These are usually based on the colours of the country's national flag, although there are exceptionsthe Italian national team, for example, wear blue as it was the colour of the House of Savoy, the Australian team like most Australian sporting teams wear the Australian National Colours of green and gold, neither of which appear on the flag, and the Dutch national team wear orange, the colour of the Dutch Royal House.[9]. Thermal undershorts may be worn, but must be the same colour as the shorts themselves. JavaScript seems to be disabled in your browser. Welcome to our passion. The FC Dynamo Moscow team that toured Western Europe in 1945 drew almost as much comment for the players' long baggy shorts as for the quality of their football. [7], Most professional clubs have retained the same basic colour scheme for several decades,[7] and the colours themselves form an integral part of a club's culture. Around the same time Adidas also developed the first boots with screw-in studs which could be changed according to pitch conditions. [46], As the game gradually moved away from being a pursuit for wealthy amateurs to one dominated by working-class professionals, kits changed accordingly.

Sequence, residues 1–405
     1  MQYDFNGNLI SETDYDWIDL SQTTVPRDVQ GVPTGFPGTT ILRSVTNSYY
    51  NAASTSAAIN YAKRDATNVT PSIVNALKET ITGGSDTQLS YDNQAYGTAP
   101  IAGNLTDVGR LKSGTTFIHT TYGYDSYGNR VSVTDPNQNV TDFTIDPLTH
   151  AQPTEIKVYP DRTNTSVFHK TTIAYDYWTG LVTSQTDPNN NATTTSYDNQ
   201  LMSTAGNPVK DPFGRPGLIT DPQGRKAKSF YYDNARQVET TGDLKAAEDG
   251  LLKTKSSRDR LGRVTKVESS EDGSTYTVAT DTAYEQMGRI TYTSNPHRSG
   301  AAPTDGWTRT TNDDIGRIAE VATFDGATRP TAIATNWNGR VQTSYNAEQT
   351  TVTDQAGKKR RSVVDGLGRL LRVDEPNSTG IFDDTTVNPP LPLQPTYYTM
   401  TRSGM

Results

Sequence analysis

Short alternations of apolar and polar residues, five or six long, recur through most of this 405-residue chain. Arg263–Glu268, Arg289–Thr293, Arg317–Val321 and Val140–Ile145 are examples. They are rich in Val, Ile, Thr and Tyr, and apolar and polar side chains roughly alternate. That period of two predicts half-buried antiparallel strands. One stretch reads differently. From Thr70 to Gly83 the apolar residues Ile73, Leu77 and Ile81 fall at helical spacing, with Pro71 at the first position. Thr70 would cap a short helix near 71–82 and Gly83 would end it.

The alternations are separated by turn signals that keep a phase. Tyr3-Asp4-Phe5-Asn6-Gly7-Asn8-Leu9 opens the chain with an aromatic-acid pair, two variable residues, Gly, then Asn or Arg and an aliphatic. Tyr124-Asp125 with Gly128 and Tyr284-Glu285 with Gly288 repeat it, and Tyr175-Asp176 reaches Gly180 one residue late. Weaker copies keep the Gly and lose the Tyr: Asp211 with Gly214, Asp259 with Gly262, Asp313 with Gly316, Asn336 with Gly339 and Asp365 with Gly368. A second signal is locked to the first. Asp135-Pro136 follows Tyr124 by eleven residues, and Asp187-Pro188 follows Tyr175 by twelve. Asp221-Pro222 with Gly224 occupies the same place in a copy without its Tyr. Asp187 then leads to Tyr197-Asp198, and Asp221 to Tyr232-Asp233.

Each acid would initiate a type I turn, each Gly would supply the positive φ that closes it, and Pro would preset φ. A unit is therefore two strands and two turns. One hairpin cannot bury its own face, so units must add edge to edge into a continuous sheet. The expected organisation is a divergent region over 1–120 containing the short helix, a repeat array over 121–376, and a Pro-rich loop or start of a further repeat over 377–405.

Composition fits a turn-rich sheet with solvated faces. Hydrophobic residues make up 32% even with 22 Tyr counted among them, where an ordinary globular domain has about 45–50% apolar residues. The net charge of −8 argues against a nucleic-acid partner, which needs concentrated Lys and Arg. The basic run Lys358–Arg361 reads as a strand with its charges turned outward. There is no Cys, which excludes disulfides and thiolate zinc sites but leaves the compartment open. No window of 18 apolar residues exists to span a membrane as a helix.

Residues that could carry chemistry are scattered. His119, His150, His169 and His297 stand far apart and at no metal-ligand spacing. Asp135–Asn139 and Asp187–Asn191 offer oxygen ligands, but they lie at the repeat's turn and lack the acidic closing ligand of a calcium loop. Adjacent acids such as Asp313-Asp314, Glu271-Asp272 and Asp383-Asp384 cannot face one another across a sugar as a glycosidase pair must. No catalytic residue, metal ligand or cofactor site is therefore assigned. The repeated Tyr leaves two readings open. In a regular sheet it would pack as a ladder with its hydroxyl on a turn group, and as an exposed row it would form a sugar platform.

[64] Puma had also paid Pel $120,000 to wear their boots and specifically requested that he bend down and tie his laces at the start of the 1970 FIFA World Cup final, ensuring a close-up of the boots for a worldwide television audience. [57] With the advent of international competitions such as the European Cup, the southern European style spread to the rest of the continent and by the end of the decade the heavy shirts and boots of the pre-war years had fallen entirely out of use. Tell us about your preferences and receive customized emails related only with your interests. Individual competitions may stipulate further restrictions, such as regulating the size of logos displayed on shirts and stating that, in the event of a match between teams with identical or similar colours, the away team must change to different coloured attire. [54], In the period immediately after the war, many teams in Europe were forced to wear unusual kits due to clothing restrictions. Most current players wear specialist football boots, which can be made either of leather or a synthetic material. [88], (), "The evolution of the football jersey an institutional perspective", "Interpretation of the laws of the game and guidelines for referees: Law 4 The Players' Equipment", "A Brief History of Football Kit Design in England and Scotland", "Regulations Relating to Advertising on the Clothing of Players, Club Officials and match Officials", "Dutch women ditch shorts to play soccer in skirts", "Goggles are Davids' most glaring feature", "Cech's rugby-style headgear passes the FA's safety test", "Andre Marriner debacle highlights Fifa aversion to video technology", "Who's the fat bloke in the number eight shirt? Many professional clubs also have a "third kit", ostensibly to be used if both their first-choice and away colours are deemed too similar to those of an opponent. This product is not for sale yet. Official products of international leagues. [62] Until 2011 Barcelona refused paying sponsors in favour of wearing the UNICEF logo on their shirts while donating 1.5 million to the charity per year. [34] The earliest evidence of coloured shirts used to identify football teams comes from early English public school football games, for example an image of Winchester College football from before 1840 is entitled "The commoners have red and the college boys blue jerseys" and such colours are mentioned again in a Bell's Life in London article of 1858. [5] Because of this requirement a team's second-choice is often referred to as its "away kit" or "away colours", although it is not unknown, especially at international level, for teams to opt to wear their away colours even when not required to by a clash of colours, or to wear them at home. Spanish leading company and European top third online football store. [1] In the event of a match between teams who would normally wear identical or similar colours the away team must change to a different colour. [31] The 1994 World Cup was the first in which FIFA dispensed with black kits for officials. Their original colours of light blue and white were chosen to reflect an association with Cambridge University, where a number of the club's founders had been educated. You are pre-ordering it. Players initially simply nailed strips of leather to their boots to enhance their grip, leading the Football Association to rule in 1863 that no nails could project from boots. We have no description of this product available in your language, You must log in or register to post contents, Apple Store [79], A number of advances in kit design have taken place since 2000, with varying degrees of success. [21], All players are permitted to wear gloves,[22] and goalkeepers usually wear specialist goalkeeping gloves. [22] The first boots to be cut below the ankle rather than high-topped were introduced by Adidas in 1954. [56] In the 1950s kits worn by players in southern Europe and South America became much more lightweight, with V-necks replacing collars on shirts and synthetic fabrics replacing heavy natural fibres. [6] In some cases both teams have been forced to wear their second choice away kits; such as the match between Netherlands and Brazil in the 1974 FIFA World Cup where they wore white and dark blue rather than their first choice of orange and yellow, respectively; and the match between Netherlands and Spain in the 2014 FIFA World Cup where they wore dark blue and white rather than their home colors of orange and red, respectively. The England national team sometimes plays in red shirts even when it is not required, as this was the strip worn when the team won the 1966 FIFA World Cup. [7] Designs from the late 1960s and early 1970s are highly regarded by football fans. If you have more than one certificate you may enter multiples on the cart screen. In contrast to the usual practice, Scottish club Celtic wore numbers on their shorts rather than their shirts until 1975 for international matches, and until 1994 for domestic matches. Add the e-Club card from your basket and get an instant 5% discount when carrying out the payment just for being a member. [1] Shirts must have sleeves (both short and long sleeves are accepted), and goalkeepers must wear shirts which are easily distinguishable from all other players and the match officials. This prevents confusion and wild attempts to wrest the ball from your neighbour. Rubber and aluminum studs for football boots, Shin guards without ankle protections for footballers. Professional clubs also usually display players' surnames or nicknames on their shirts, above (or, infrequently, below) their squad numbers. With the rise of advertising in the 20th century, sponsors' logos began to appear on shirts, and replica strips were made available for fans to purchase, generating significant amounts of revenue for clubs. Rather than the numbers being added to the clubs' existing strips, two special sets, one white and one red, were made for the final and allocated to the two teams by the toss of a coin. [7] In 1973, German team Eintracht Braunschweig signed a deal with local alcohol producer Jgermeister to display its logo on the front of their shirts. In 1903, Juventus of Italy adopted a black and white strip inspired by Notts County. [26] Other items that may be dangerous to other players, such as jewellery, however, are not allowed. By 1936 players in Europe were wearing boots which weighed only a third of the weight of the rigid boots of a decade earlier, although British clubs did not adopt the new-style boots, with players such as Billy Wright openly pronouncing their disdain for the new footwear and claiming that it was more suited to ballet than football. [37] In 1848, it was noted at Rugby that "considerable improvement has taken place in the last few years, in the appearance of a match in the use of peculiar dress consisting of velvet caps and jerseys"[38], Organised association football was first played in England in the 1860s, and many teams would probably play in whatever clothing they had available, with players of the same team distinguishing themselves by wearing coloured caps or sashes. The clubs themselves, rather than individual players, were now responsible for purchasing kit and financial concerns, along with the need for the growing numbers of spectators to easily identify the players, led to the lurid colours of earlier years being abandoned in favour of simple combinations of primary colours. In 2008 German club FC Bayern Munich received 25 million in sponsorship money from Deutsche Telekom. Google Play, Browse our website adapted to your location: Ftbol Emotion's international websites. Although, the new look was derided, clubs in Britain and elsewhere had within a short time adopted the longer shorts. In Portugal's match against England in the Euro 2004 tournament, Ricardo drew much comment for deciding to remove his gloves during the penalty shoot-out. [12] Depending on local rules, there may be restrictions on how large these logos may be or on what logos may be displayed. [47], Specialised football boots began to emerge in the professional era, taking the place of everyday shoes or work boots. Studs may be either moulded directly to the sole or be detachable, normally by means of a screw thread. This rule was later abandoned in favour of one stipulating that all teams must have a second set of shirts in a different colour available. [1], It is normal for individual competitions to specify that all outfield players on a team must wear the same colours, though the Law states only "The two teams must wear colours that distinguish them from each other and also the referee and the assistant referees". [61] However Spanish clubs FC Barcelona and Athletic Bilbao refused to allow sponsors' logos to appear on their shirts as recently as 2005. [75] Several clubs have been accused of price fixing, and in 2003 Manchester United were fined 1.65m by the Office of Fair Trading. 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Five separate items are specified: shirt (also known as a jersey), shorts, socks (also known as stockings), footwear and shin pads. [27], Referees, assistant referees and fourth officials wear kits of a similar style to that worn by players; until the 1950s it was more common for a referee to wear a blazer than a jersey. The sport's rules specify the minimum kit which a player must use, and also prohibit the use of anything that is dangerous to either the player or another participant. [49] Two years later, Argentina's Club Atltico Independiente adopted red shirts after watching Nottingham Forest play. [43] There were no numbers printed on shirts to identify individual players, and the programme for an 1875 match between Queen's Park and Wanderers in Glasgow identifies the players by the colours of their caps or stockings. [33], The first written evidence of a clothing item specifically dedicated to football comes in 1526, from the Great Wardrobe of King Henry VIII of England, which included a reference to a pair of football boots. [50], In 1904, the Football Association dropped its rule that players' knickerbockers must cover their knees and teams began wearing them much shorter.